What is binge-eating disorder?
In binge-eating disorder, sufferers frequently eat an unusually large amount of food in one sitting. During a binge, the person typically feels out of control, eating very quickly and until they are uncomfortably full. Unlike in bulimia, binge-eating is not followed by purging. And unlike compulsive eating disorder, in which eating brings a sense of calm or relief, people with binge-eating disorder feel disgusted, depressed, and guilty after over-eating.
Due to the shame they feel around eating, binge-eaters most often prefer to eat alone.
Signs and symptoms of binge-eating disorder
Binge-eating is often done in secret, so detection is often difficult.
Early signs and symptoms may include:
- Food inexplicably disappearing from the kitchen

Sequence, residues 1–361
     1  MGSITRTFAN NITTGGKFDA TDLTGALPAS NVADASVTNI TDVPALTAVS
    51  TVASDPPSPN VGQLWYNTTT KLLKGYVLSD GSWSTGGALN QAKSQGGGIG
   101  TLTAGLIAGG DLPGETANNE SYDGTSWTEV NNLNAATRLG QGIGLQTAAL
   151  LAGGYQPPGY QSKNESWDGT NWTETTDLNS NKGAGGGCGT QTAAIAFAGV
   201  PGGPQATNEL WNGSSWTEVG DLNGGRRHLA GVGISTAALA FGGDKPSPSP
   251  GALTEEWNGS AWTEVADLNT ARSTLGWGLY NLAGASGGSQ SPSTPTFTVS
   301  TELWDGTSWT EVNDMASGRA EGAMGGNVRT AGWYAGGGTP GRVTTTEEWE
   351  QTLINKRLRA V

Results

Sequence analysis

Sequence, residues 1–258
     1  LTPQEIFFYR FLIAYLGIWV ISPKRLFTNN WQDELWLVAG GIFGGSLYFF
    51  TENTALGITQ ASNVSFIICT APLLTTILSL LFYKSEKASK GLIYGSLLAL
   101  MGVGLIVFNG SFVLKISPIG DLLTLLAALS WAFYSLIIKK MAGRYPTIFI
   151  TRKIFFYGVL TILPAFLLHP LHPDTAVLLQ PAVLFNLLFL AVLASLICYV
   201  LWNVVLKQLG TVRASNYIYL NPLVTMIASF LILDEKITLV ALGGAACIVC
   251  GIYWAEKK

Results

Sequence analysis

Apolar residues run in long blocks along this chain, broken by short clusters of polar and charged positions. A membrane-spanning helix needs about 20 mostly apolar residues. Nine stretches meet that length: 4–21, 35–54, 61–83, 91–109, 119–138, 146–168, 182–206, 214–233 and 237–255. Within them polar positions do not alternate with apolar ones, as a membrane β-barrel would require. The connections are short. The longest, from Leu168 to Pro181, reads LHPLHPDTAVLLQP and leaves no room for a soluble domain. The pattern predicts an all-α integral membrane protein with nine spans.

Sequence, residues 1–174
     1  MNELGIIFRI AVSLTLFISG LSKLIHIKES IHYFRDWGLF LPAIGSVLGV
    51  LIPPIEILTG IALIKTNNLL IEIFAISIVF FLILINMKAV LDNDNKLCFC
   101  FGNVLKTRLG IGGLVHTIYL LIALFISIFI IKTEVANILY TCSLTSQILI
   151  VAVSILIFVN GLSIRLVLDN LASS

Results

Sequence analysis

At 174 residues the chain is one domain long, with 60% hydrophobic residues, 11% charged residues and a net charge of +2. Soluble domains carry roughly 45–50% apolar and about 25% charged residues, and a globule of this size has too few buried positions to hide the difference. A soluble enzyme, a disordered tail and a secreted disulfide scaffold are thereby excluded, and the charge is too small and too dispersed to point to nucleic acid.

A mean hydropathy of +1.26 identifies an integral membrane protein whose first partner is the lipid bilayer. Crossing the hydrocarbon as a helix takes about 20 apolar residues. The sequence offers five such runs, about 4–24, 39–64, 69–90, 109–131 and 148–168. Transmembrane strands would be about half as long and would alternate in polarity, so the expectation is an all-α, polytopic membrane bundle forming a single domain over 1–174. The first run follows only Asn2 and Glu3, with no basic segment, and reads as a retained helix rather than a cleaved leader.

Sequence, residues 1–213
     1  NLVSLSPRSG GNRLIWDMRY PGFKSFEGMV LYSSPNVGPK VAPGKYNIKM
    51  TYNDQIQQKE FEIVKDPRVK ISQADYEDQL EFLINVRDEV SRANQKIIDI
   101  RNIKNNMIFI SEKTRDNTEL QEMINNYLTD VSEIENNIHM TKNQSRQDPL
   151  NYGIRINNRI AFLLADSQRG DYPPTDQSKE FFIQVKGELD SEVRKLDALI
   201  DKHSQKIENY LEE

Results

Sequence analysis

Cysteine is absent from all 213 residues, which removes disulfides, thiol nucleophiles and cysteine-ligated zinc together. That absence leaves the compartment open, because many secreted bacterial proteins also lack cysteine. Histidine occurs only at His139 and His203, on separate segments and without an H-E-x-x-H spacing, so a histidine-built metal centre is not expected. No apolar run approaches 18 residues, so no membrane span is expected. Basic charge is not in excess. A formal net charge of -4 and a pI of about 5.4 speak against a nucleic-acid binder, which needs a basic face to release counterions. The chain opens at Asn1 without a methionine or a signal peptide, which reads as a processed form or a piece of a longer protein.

- Eating very quickly, often seeming to not even appreciate or enjoy the food
- Social isolation and avoidance of events involving food
- Lingering at the table after a meal, picking at food or appearing unusually preoccupied with finding something else to eat
- Food remnants are found hidden in the person’s closet or bedroom
- Weight gain or obesity
- Depression and anxiety
(Note: Although boys and men also develop eating disorders, the majority of victims are female. We will use the female pronouns “she” and “her” consistently throughout this website.)
(Photo Credit: d2cool on Flickr)